Memories of food in Korea – part 1: market/street food edition

Ah, food in Korea! It has been two months since I have been back home and I still look at the food pictures and videos in Korea. They all taste pretty good, some better than average but in my opinion, I have not tasted anything extremely bad (well, I wasn’t that adventurous but it is definitely possible to find delicious food everywhere).

Part 1 will be on market/street food edition. These are places where you can find food at cheap prices and delicious too. However, store vendors often don’t know any English at all so it could be hard to communicate if you have no knowledge of Korean.

Note: Do research more on when the markets will be opened.

1. Gongdeok market – a place for jeons

I had first knew of this market from: https://youtu.be/n1nBNmZIo5M

 

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This market sells deep fried food at cheap prices like perhaps 500 won for a cheaper piece. They are deep fried and displayed out there for customers to choose. After choosing them, pass to the owner and she will pan fried (with lots of oil) to warm up the food. You may also order other food from their menu. For example, rice and cola. I went there on my first day first lunch with my parents. Such food were meant to match with alcoholic drinks. Thus, I am guessing that was why there were not that many people during lunch time. Besides us, there were only another group of customers, a group of young adults drinking and having fun.

This is not the healthiest food but it is delicious, cheap and an authentic eating experience. We had ordered too much that time, about 6 pieces each and couldn’t finish them no matter how we tried.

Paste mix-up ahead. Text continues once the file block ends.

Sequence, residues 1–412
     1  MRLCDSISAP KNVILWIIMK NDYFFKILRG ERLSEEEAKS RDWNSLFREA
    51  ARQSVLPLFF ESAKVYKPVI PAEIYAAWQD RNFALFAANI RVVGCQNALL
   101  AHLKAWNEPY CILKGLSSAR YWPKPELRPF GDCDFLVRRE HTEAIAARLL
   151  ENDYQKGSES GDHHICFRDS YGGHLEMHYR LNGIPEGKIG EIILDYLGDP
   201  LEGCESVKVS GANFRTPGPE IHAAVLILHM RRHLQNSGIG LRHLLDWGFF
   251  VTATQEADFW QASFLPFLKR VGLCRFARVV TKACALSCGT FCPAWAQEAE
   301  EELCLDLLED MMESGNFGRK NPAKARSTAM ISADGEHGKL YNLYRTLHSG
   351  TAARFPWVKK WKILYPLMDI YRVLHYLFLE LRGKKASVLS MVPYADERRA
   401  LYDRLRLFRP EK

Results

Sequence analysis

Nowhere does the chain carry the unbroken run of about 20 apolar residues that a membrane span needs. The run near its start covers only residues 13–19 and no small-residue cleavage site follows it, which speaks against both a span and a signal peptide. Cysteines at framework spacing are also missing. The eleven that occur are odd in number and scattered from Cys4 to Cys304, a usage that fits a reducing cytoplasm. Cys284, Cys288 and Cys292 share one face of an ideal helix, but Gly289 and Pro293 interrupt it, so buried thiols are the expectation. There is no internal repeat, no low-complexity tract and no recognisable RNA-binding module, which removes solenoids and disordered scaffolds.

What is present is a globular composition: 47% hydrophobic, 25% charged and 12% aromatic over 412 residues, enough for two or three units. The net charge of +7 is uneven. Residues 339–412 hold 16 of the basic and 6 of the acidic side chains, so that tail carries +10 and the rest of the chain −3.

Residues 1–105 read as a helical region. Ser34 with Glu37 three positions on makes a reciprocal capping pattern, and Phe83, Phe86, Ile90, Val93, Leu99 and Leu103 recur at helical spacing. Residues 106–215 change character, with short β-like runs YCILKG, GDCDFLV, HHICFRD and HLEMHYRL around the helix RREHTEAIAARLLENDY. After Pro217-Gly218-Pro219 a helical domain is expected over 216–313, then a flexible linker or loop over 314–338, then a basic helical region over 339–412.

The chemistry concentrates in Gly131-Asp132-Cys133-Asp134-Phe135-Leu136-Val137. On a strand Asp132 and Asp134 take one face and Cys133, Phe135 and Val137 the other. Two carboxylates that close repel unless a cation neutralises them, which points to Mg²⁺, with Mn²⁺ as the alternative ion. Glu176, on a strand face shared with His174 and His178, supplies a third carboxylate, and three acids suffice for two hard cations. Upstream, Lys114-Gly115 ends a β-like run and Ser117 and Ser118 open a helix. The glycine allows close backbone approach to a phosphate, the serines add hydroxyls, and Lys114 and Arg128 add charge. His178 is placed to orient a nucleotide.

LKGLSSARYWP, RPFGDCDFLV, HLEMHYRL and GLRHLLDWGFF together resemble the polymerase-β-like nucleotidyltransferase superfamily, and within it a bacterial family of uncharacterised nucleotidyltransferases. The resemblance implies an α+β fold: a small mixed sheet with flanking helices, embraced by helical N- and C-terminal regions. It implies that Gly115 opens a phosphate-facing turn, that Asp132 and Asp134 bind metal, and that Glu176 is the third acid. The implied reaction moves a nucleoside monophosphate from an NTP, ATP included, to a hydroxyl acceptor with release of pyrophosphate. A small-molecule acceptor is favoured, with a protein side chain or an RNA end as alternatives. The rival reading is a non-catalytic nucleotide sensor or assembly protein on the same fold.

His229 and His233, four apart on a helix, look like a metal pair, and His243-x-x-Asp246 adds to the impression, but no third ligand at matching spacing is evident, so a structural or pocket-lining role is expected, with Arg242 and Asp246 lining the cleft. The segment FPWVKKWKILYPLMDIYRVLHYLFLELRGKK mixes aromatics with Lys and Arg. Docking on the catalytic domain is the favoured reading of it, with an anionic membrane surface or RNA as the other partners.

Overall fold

6 pieces each, 18 pieces total with 3 bowls of rice and 2 small bottles of cola and it is only 17,500 won. 

2. Majang Market – a place for Korean beef

I had first knew of this market from:

http://jovenatheart.com/wordpress/2015/04/13/seoul-adventure-majang-meat-market-%EB%A7%88%EC%9E%A5-%EC%B6%95%EC%82%B0%EB%AC%BC%EC%8B%9C%EC%9E%A5/

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This is a place for affordable Korean beef, in my opinion. For 458g of A++ Korean beef charged at 43500 won, this is definitely enough for 3 hungry adults. Majang Market is the largest meat market in Korea. We bought our Korean beef from the first store. The owner was in the store next to his so he might be there if you cannot find him. Choose your meat and pay the owner. He was very kind and gave us a 500 won discount (total 43000 won payment). After that, just as written in the blog referenced above, he led us to the restaurant upstairs where we bbq our meat and ate happily. We also ordered 3 bowls of rice. Do note that there is a 5000 won charge per adult and 2000 won charge per child for entry fee (and for using their place to cook your meat). Very yummy indeed.

Total was 61,000 won.

3. Gwangjang Market

I personally don’t recommend this market. Very crowded and noisy. Space was also very crammed. Average food and prices. Perhaps it was because we reached in the evening, near 7pm but it was really a tiring experience to squeeze with everyone. A disclaimer though I did not try all the food available in the market. Maybe I should go back there at a better time to try more food.